We were barbarians and needed to be civilized. Racial hostility was especially focused on Blacks who made substantial economic gains. It was not to my surprise that a White oppressive group would be formed during this time to try to keep the Black man from rising above the condition of servants. What struck me during this movie as I watched the Ku Klux Klan terrorize Black women, lynch Black men, and burn Black homes to the earth, was the cowardice of these White men that found comfort within themselves in committing such monstrous acts, but lacked dignity and hid behind white cotton masks (the cotton that Black people picked for so many years under submission). I still try to understand the White mans lust for power. I’m having such a hard time with this concept because it was not as if they told a couple white lies to get ahead—they enslaved multitudes of people to increase their economic wealth. They killed masses of Black people to scare them and psychologically keep them under obedience to the White man. They were trying to protect their race was their justification of their actions. Trying to protect their race? If anyone needed protection at this time wasn’t it the Black family? Black men were accused of raping White women and as a result they were left hanging from a tree. But to add insult to injury it was the Black woman being raped by the White man. This would lead mothers to become very over protective of their children forcing them into taking serious measures to instill values within them. And we are barbarians? African Americans had to show them otherwise and thus American history moves from the period of Reconstruction to the Civil Rights Movement.

Jimmy, a young Black man approached Miss Jane Pittman in her late years of 110 with a scheme to have a young Black girl drink from a “Whites Only” water fountain to intentionally arouse the White community and give Blacks a reason to march down to city hall. Civil Rights demonstrations—Bus Boycotts, Protests, Non violent Resistance, Sit Ins, Freedom Rides, Civil Rights Marches on Washington—were all part of the struggle to end racial inequality. By partaking in said acts, African Americans were taking a blunt stand to the injustices of the nation. During these demonstrations Blacks were brutally beaten, arrested, and unfortunately, much blood was also shed during these demonstrations, but those who died as martyrs of civil rights did not die in vain. In 1964 Congress passed the Civil Rights Act of 1964 guaranteeing basic civil rights for all Americans, regardless of race and in 1965 Congress passed the Voting Rights Act giving all men Black and White the Right to vote in free and fair elections. Although women were not given the right to vote at this time Black women supported this legislation, because it was understood that the rights of Black men had to be secured before Black women could make a claim for theirs. If the entire Black race had no rights the women’s struggle was meaningless. After the passing of this legislation Black women made a loud call for their rights, because they too wanted to hold office, be a part of the criminal justice system, and they wanted to make decisions within educational systems.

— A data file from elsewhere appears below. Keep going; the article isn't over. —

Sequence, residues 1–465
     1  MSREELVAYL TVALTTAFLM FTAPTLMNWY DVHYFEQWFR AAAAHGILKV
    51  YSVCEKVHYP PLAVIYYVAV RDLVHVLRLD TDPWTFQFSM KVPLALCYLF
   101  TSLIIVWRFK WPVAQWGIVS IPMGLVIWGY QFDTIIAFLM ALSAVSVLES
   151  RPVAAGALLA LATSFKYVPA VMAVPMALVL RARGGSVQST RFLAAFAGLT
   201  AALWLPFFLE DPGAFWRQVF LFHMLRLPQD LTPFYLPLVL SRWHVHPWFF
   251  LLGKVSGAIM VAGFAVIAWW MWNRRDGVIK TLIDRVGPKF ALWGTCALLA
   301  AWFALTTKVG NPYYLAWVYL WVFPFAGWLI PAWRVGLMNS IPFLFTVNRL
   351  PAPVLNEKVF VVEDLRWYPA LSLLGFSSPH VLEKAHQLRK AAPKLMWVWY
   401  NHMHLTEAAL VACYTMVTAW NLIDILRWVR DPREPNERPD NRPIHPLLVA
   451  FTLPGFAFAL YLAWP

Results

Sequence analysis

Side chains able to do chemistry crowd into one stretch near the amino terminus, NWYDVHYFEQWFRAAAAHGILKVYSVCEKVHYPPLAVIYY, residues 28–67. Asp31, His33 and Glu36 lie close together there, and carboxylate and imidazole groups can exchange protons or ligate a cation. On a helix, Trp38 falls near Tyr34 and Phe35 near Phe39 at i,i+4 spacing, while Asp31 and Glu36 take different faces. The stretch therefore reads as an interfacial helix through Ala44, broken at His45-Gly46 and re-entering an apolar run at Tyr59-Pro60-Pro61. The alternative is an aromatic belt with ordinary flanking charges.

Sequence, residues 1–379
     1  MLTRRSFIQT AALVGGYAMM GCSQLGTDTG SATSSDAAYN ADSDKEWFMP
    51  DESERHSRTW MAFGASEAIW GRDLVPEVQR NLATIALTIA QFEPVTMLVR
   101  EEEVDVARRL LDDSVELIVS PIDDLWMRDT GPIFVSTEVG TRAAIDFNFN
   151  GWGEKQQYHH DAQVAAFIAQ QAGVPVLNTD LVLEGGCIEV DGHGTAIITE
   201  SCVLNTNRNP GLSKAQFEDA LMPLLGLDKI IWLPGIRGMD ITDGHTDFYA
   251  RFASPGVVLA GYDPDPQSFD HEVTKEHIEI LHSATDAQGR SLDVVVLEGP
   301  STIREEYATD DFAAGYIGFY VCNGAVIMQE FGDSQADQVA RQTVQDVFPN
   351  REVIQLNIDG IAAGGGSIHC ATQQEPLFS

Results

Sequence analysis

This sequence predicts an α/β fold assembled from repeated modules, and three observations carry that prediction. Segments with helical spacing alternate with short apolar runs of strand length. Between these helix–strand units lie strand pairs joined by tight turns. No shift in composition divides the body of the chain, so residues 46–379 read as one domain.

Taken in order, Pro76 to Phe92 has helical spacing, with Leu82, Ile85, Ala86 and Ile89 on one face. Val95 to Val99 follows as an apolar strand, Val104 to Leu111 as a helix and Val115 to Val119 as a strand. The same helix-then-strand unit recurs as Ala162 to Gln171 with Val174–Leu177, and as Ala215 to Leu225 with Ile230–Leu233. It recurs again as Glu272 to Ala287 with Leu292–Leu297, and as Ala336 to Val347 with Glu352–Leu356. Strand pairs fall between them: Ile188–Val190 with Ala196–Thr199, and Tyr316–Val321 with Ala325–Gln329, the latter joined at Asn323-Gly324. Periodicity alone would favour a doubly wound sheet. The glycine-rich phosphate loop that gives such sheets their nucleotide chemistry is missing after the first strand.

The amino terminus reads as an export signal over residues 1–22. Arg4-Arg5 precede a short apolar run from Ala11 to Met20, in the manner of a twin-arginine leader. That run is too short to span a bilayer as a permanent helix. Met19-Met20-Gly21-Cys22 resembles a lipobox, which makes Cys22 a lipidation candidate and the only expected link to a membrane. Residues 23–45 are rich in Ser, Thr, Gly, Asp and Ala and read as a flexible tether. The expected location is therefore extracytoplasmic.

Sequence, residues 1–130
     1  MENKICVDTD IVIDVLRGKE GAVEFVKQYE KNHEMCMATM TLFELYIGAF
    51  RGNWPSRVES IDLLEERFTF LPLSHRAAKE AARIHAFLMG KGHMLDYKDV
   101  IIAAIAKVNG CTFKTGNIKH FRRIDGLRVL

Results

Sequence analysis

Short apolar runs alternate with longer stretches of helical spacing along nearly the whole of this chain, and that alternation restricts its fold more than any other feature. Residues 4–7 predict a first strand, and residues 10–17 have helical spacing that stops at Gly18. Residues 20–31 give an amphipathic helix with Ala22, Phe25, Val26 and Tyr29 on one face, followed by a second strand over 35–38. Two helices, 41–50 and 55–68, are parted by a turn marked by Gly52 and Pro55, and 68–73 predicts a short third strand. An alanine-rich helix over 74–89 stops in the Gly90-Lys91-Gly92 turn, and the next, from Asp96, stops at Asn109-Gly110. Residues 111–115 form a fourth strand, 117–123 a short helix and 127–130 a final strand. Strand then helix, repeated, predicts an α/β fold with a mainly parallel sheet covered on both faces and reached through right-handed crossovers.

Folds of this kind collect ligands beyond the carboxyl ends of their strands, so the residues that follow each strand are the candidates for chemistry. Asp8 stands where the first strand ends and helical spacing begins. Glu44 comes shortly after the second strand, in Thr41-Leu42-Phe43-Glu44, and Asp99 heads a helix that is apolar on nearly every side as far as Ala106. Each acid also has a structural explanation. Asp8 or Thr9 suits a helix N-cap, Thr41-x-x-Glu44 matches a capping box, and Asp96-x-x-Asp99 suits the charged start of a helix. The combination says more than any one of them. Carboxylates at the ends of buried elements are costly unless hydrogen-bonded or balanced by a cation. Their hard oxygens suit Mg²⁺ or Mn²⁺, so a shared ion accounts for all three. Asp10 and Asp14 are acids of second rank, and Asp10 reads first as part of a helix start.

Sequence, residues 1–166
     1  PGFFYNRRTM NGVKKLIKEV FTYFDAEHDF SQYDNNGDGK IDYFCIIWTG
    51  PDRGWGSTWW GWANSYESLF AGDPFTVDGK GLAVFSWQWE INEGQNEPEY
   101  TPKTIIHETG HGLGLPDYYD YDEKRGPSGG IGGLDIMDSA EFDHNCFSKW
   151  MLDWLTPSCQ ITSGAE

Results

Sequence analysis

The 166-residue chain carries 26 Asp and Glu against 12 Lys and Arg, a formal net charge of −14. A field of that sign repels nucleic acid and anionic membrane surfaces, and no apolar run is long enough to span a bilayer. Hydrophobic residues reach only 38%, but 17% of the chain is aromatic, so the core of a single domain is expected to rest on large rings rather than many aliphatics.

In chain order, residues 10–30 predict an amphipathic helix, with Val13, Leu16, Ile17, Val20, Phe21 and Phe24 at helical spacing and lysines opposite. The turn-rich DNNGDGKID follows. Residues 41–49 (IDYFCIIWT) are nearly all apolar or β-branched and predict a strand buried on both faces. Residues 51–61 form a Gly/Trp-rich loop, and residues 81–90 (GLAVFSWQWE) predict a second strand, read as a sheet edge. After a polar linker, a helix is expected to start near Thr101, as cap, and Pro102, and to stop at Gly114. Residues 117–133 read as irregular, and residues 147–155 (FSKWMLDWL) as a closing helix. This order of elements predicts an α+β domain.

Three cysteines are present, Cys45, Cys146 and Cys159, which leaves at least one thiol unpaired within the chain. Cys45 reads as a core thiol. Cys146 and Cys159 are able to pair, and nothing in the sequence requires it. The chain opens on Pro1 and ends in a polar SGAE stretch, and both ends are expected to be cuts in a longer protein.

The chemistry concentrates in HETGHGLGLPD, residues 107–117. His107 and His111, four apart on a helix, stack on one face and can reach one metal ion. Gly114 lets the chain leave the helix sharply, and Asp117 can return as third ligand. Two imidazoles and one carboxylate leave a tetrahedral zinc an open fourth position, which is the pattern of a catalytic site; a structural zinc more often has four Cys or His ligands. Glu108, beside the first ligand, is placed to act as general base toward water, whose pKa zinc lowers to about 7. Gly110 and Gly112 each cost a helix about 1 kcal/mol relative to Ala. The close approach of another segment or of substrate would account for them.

It took women a long time, but their persistence prevailed. In 1920 the 19th amendment was made to the constitution saying:

“The right of citizens of the United States to vote shall not be denied or
abridged by the United States or by any State on account of sex. Congress shall
have power to enforce this article by appropriate legislation.”

As an African American I sit here today a free educated woman with the right to vote. The struggle of Blacks in America paved the way allowing my family to come to this country from Africa not as a part of the slave trade, but as free Blacks with rights.

[1] “When and Where I Enter” by Paula Giddings p. 75
[2] “When and Where I Enter” by Paula Giddings p. 76


angeleyes said...


JenellyBean said...

Thanks Laura!
How you been?